One early setback was the realisation that “our dream of interoperable metadata was not going to be available in time,” says Mason. “We had the idea that we could define the loudspeaker and object configuration at the start of the production process, then have that signal flow throughout.” But with the relevant metadata standards still some way off completion there was no alternative other than “to redraw the diagrams and make provision for the metadata to be added later on”.
Impact within the stadium was relatively minimal, “with only a couple of extra microphones added”, including the Schoeps and Areitec ORTF-3D microphone outdoor set. Meanwhile in mix world, an SSL System T S300-32 mixing console with 3D panning and network I/O provided the centre of operations. “So of course there was a lot of dialogue between Dolby, Fraunhofer, Qualcomm and SSL about how to connect everything together – whether to use MADI, HD/SDI or AES67,” recalls Mason.
Ultimately, although some IP-based transport was deployed, the bulk of the responsibility fell on the 64-channel MADI connection established between the stadium and the broadcast centre. “With the three NGA streams we had three parallel workflows going on, which obviously made the set-up quite complicated,” says Sunna.
Nonetheless, Mason notes that “once we were into the actual period of the Games everything was pretty ‘smooth sailing’.” As the trials took place the multiple audio streams could be viewed internally on-site in Berlin, Glasgow, and at the RAI facilities in the Aosta Valley; there was no public accessibility for the NGA production, or indeed any of the trials on the video side.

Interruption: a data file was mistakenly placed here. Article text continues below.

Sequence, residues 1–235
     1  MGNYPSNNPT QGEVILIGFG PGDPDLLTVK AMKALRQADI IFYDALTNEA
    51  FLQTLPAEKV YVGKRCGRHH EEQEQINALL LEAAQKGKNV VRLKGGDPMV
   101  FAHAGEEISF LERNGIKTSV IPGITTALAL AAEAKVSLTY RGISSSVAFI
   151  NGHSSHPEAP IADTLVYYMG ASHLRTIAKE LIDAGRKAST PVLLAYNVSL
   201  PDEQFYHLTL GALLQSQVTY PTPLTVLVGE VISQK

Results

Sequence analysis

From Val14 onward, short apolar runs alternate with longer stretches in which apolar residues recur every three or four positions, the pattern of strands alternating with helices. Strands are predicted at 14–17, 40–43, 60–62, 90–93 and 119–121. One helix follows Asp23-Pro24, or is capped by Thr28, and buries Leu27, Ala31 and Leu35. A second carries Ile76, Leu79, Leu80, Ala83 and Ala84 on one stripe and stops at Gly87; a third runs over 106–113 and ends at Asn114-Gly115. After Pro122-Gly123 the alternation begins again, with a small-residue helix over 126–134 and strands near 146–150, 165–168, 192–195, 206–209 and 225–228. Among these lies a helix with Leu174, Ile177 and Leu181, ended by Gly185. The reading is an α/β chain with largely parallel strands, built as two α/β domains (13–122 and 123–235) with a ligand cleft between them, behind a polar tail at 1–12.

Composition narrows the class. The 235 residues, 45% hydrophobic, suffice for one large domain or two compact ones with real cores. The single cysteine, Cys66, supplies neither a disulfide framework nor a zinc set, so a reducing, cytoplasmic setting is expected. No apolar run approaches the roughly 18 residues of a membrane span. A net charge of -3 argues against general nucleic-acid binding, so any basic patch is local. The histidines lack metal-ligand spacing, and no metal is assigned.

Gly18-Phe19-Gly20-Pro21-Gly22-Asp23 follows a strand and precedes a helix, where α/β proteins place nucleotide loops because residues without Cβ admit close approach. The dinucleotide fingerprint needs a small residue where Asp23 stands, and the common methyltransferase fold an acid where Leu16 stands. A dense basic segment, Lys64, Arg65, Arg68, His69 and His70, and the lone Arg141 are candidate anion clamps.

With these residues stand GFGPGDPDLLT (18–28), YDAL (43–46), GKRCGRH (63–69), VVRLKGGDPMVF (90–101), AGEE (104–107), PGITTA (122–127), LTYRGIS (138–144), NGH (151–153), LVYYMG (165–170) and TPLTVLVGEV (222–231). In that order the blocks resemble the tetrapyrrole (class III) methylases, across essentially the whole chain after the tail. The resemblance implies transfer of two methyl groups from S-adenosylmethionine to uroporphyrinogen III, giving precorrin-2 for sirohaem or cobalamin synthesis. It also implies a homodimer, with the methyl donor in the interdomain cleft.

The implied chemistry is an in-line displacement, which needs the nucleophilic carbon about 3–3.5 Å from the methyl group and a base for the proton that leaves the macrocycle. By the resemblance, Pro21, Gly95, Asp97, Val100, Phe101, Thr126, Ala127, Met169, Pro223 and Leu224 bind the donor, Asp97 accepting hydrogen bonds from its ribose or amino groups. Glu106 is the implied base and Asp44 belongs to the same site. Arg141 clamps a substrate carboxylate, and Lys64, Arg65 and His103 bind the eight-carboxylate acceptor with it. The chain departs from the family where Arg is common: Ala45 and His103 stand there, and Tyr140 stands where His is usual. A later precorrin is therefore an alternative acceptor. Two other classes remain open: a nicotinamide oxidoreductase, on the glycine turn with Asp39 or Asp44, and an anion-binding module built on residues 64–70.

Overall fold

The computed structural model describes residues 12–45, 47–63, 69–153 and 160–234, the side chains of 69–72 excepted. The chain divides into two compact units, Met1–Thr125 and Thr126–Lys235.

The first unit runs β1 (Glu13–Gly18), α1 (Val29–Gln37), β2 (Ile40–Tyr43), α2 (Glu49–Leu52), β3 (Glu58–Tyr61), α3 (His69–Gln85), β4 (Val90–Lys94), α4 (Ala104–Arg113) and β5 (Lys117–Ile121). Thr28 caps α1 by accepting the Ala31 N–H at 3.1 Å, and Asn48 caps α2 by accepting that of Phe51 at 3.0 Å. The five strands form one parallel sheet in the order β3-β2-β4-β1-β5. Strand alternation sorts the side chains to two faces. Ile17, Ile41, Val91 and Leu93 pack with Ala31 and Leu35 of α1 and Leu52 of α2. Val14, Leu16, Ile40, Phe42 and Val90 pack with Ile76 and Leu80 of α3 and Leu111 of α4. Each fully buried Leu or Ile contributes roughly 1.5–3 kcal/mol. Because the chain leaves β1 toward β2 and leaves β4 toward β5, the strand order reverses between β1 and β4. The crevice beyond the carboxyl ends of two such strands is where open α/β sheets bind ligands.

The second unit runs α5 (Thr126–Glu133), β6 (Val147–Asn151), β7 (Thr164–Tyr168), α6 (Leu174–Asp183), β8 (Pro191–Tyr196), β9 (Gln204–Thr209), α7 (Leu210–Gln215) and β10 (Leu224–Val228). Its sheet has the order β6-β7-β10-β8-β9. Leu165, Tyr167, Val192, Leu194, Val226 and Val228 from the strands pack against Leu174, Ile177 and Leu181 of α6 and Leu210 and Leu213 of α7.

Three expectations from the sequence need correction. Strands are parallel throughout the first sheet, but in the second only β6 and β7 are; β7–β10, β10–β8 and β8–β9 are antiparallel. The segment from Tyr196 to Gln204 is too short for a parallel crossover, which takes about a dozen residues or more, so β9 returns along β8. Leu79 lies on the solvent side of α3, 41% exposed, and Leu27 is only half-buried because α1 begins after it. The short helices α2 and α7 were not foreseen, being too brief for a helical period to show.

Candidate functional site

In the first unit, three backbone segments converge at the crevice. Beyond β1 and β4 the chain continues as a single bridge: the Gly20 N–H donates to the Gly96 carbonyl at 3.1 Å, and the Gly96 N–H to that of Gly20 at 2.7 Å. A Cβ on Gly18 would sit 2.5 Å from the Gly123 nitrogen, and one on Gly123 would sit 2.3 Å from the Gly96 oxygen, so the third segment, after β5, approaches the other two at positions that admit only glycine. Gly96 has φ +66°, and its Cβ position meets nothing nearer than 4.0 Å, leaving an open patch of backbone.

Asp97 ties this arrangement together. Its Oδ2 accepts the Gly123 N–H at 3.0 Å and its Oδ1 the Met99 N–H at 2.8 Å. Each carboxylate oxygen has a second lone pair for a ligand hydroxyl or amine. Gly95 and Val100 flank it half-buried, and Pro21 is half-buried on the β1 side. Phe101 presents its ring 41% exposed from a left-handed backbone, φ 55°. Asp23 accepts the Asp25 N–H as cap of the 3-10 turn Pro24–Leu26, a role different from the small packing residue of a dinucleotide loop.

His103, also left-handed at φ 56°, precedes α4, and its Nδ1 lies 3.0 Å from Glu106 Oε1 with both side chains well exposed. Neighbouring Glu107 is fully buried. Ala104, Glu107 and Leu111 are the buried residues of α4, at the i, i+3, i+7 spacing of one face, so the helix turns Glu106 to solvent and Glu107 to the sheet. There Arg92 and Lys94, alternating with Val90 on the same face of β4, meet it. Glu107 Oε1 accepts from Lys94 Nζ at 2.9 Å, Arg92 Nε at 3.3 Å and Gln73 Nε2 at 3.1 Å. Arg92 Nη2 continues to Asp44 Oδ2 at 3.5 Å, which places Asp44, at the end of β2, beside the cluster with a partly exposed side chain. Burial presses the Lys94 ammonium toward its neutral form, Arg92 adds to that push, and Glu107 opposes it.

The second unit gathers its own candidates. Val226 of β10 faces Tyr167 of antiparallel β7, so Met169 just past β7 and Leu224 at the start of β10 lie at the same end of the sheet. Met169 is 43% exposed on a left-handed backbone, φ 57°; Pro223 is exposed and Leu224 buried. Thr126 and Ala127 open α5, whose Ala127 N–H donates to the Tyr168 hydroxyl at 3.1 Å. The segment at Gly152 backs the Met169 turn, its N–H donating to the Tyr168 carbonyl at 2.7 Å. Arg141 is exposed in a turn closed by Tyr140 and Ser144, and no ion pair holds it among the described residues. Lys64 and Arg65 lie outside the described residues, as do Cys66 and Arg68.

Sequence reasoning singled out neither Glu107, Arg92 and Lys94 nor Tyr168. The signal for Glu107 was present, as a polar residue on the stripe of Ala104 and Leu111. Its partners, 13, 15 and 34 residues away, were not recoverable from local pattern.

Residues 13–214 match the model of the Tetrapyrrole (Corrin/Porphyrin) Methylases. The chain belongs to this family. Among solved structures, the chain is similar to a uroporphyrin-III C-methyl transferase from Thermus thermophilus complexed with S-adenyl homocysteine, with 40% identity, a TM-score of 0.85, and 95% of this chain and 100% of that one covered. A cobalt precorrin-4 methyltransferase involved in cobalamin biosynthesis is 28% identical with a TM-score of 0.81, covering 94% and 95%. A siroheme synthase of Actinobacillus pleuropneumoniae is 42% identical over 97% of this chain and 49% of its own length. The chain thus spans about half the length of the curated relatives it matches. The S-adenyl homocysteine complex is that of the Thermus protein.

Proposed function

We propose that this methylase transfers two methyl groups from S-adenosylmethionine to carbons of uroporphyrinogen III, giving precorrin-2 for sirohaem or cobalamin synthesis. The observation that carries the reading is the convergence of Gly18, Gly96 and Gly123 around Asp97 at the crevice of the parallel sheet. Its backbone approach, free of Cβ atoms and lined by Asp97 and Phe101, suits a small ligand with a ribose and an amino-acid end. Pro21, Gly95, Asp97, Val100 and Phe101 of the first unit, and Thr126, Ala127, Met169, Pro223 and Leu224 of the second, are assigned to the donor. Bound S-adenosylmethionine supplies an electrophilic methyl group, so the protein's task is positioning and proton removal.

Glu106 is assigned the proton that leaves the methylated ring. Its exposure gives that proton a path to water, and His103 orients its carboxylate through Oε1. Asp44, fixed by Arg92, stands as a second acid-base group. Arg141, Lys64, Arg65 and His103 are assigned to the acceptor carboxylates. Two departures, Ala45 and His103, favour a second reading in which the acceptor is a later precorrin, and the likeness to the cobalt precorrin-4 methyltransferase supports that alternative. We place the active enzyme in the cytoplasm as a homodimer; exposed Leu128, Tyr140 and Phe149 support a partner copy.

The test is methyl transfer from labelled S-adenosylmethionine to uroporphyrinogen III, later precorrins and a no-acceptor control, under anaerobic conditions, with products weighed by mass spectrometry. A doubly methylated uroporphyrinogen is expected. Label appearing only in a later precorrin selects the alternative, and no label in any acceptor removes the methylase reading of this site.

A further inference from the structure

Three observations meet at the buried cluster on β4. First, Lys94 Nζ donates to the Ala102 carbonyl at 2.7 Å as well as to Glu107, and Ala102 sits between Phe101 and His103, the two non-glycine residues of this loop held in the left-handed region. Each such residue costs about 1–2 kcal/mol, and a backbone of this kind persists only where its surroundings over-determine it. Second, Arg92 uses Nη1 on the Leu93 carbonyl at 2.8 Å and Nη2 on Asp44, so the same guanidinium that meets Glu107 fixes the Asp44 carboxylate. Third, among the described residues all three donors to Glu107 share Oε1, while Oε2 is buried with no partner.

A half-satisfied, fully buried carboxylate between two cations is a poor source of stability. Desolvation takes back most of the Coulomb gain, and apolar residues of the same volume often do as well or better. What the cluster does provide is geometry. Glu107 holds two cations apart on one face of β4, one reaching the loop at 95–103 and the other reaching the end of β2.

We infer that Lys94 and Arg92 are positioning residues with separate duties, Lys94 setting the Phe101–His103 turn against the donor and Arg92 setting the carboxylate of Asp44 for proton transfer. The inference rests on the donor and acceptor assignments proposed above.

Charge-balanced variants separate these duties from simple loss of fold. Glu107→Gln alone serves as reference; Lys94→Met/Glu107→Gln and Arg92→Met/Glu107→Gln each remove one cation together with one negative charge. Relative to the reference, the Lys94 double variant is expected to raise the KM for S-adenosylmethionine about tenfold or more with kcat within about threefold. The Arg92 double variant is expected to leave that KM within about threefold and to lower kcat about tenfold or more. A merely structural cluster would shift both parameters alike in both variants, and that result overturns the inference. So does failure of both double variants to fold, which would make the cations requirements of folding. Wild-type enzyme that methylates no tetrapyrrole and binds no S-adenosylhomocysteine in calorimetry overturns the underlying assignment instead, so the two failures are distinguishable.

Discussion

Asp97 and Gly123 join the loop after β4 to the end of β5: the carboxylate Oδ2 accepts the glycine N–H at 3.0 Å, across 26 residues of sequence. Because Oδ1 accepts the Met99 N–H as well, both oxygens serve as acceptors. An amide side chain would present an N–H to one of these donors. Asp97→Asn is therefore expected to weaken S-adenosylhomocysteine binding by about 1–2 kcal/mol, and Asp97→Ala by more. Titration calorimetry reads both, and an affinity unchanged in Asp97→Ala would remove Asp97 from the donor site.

Assessing the results
Sunna confirms that the project teams have still yet to sift through the results of the NGA trial in great detail, but already a number of key observations have come to light. For Mason, “the metering and monitoring of loudness was not as good as it could have been. We were relying on one screen at one end of the console; it was a bit small and we had to keep turning sideways to see it! So in future I would definitely factor in more prominent metering.”
The trial also brought home the fact that “panning in 3D space does mean an extra dimension in which to get things wrong, as well as the new creative possibilities that it represents!” More thought also needs to be given to “the incorporation of the PA into [NGA mixes], which is picked up very well in a spatial audio production. It does offer new opportunities in terms of presenting events, and these can be explored further.”
In addition to the aforementioned efforts around metadata standardisation, future NGA trials are also likely to benefit from additional progress in the development of user interfaces. “I think we are all in agreement that user interfaces have not been standardised yet,” says Mason. Some aspects are already clear – “from the audience perspective, yes, there is immersive audio and there is the possibility of changing the relative level of the commentary, selecting your language, etc, but [this has to be delivered in a way] that is accessible and avoids confusion.”
Although there is a general consensus that NGA is still in its formative stages, there is also palpable excitement about its possibilities. Further trials at other landmark sporting events, including those in 2020, seem likely. In the meantime, Sunna notes that the European Championships project “provided us with a really nice, safe environment in which to try out different things. The result is that we have a really great legacy of knowledge and understanding that we can apply in the future.”